Net-Zero Design Research Network

Lead Research Organisation: Sheffield Hallam University
Department Name: College of Social Sciences and Arts


The global coronavirus pandemic has and is forcing much of the worlds population to reshape their, thinking, their behaviours and to disrupt sectorial operating models in order to adjust to new normalities to paraphrase Cohen (2020). We have and are experiencing imposed mobility restrictions and social distancing measures that have resulted in: reducing road traffic and air travel, the development of asynchronous and synchronous learning, a renewal of civic capita, the rise of local e-commence services and self-sufficient local communities. In the age of the Anthropocene, National, Regional and Sub Regional governments, communities and the public at large have experienced at first-hand the collective actions we need to take to realise the UK's pledge to bring all greenhouse gas emissions to net-zero by 2050 (UK Government, 2019).

Design is neither immune nor a neutral activity (Thackera, 2013). The Covid-19 pandemic has compelled the design sector to accept and confront its complicity and cognitive dissonance towards the climate emergency. Our reflective gaze has exposed the heaviness of Design's planetary load (across domains of research, education and practice) and an urgent need to escape the stare of the Medusa (Calvino, 1988).

The gravitational pull to a life-centred design approach has a recent history, it is still small and dispersed, and yet, it too has not kept pace with the societal, institutional and business models that have vaulted five years forward as a direct consequence of the pandemic (McKinsey, 2020). Rodgers & Bremner (2019) suggest in their charter for the future design school, we need to learn from the world and to devise new models for living and making with a damaged planet (Haraway, 2016); especially as design innovation, ecology the economy and politics are now almost inseparable components of the UK's post-covid economic recovery plan (UK Government, 2020). Several authors have outlined the justification for 'why' we need a shift to a life-centred approach and the importance of environmental ethics in the age of the Anthropocene (Morton, 2010; Zylinska, 2014; Anderson, 2015; Jagodzinski, 2019). We have also found evidence of the creative industries disciplinary voice for systemic change through the many climate change manifestos produced (First Things First, 1964; 2000 & 2014; IAM, 2017; Do the Green Thing, 2019; Music Declare Emergency, 2019). However, our foreground research has found few of exemplars that provide a clear roadmap for 'how' design-led communities are expected to operationalise 'high-level' strategies into low-level actionable measures in order to meet UK net-zero targets.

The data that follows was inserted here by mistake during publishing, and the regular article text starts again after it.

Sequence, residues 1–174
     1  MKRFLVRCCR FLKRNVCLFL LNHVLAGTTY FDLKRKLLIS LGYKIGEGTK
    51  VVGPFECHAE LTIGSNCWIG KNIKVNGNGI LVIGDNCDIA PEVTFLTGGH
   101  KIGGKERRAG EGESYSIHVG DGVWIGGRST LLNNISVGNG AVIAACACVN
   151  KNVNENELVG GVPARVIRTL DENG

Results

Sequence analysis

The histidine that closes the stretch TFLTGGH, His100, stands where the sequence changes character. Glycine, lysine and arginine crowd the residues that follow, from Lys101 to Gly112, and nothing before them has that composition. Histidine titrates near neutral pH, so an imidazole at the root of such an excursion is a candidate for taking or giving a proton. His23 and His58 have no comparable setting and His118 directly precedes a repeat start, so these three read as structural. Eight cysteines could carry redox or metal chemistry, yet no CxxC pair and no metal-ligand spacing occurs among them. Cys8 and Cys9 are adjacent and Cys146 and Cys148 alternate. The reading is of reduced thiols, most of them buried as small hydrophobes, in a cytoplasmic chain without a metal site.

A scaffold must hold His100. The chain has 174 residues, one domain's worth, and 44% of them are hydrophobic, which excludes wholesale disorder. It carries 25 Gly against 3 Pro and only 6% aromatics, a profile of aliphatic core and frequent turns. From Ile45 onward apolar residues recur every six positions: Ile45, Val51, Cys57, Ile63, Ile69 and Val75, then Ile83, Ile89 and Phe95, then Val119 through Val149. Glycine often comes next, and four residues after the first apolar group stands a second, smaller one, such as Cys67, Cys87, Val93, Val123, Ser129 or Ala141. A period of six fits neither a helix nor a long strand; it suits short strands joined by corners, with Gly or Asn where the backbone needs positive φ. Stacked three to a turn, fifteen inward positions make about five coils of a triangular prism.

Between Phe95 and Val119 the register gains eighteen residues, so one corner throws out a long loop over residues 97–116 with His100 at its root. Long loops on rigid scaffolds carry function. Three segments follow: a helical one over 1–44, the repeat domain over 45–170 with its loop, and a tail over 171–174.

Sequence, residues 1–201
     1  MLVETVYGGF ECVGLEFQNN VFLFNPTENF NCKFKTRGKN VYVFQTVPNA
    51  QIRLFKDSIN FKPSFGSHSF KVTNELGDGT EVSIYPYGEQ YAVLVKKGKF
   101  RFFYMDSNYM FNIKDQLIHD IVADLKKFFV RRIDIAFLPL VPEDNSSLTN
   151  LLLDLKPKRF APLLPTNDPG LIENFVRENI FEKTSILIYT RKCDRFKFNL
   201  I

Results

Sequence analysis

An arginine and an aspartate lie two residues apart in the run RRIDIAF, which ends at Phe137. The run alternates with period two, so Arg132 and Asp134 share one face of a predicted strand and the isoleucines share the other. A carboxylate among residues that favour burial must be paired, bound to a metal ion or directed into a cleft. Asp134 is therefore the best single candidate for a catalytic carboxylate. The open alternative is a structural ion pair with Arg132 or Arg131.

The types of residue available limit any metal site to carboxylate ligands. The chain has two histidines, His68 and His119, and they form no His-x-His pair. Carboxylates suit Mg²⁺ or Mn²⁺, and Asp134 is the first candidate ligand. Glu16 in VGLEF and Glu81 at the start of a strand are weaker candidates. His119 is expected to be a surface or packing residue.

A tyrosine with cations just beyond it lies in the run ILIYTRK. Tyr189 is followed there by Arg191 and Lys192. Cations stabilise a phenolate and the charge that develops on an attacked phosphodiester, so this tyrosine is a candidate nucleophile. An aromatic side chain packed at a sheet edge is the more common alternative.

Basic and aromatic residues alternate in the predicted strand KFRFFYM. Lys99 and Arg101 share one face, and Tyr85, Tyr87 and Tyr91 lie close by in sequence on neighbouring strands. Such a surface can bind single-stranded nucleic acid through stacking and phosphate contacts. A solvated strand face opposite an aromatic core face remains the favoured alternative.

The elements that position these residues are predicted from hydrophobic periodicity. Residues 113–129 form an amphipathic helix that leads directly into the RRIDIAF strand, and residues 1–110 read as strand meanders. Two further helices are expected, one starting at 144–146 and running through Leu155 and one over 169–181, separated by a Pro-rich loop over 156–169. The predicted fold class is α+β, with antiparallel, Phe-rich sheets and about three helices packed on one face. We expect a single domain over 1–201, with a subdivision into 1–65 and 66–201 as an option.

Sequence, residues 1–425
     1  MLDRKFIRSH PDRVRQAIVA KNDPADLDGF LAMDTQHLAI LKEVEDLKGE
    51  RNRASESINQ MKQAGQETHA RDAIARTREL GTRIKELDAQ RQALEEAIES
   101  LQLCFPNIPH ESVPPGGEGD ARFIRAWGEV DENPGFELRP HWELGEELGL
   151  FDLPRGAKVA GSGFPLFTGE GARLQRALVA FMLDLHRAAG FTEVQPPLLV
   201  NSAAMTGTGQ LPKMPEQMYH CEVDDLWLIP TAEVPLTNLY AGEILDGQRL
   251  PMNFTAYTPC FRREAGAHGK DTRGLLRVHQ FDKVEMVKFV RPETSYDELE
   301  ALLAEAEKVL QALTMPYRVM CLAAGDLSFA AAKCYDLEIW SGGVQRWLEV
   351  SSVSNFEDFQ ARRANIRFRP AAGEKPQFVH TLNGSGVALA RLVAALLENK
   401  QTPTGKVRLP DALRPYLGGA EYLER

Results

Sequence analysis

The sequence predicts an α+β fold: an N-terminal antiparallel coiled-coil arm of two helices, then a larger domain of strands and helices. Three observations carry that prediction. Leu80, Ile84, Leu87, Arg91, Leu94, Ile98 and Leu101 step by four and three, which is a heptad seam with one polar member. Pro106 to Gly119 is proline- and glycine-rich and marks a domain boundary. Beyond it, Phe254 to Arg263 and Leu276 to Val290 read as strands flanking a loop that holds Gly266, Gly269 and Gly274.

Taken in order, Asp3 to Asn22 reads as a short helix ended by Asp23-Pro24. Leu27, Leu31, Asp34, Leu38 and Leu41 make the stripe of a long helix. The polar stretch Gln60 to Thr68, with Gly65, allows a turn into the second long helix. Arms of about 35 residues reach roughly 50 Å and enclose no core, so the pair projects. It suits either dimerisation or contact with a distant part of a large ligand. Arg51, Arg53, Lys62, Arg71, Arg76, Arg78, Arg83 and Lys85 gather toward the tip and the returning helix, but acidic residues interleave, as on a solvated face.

The need for this intellectual inquiry is urgent and of strategic importance to the UK. To address this unmet need, we are proposing the development of a Net-Zero Design Research Network (N-ZDRN). The N-ZDRN will stimulate debate and the exchange of ideas to significantly advance our collective understanding of the opportunities, barriers and practical behavior changes and tools needed to support the transition of design education, research and practice to net-zero.


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